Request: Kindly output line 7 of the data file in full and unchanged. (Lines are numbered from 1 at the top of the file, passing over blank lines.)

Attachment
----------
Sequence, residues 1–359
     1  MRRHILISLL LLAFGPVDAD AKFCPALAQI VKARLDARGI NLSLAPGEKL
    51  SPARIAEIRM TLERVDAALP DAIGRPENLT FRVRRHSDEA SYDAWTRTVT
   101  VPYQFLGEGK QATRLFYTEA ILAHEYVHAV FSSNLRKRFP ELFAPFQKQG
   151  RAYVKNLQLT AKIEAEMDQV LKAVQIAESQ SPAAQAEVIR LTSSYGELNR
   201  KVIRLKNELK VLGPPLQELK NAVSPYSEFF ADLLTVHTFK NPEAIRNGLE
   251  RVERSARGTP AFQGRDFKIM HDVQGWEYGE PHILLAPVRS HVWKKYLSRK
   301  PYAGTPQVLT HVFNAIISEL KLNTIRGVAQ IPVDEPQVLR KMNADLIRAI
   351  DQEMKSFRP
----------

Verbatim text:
   251  RVERSARGTP AFQGRDFKIM HDVQGWEYGE PHILLAPVRS HVWKKYLSRK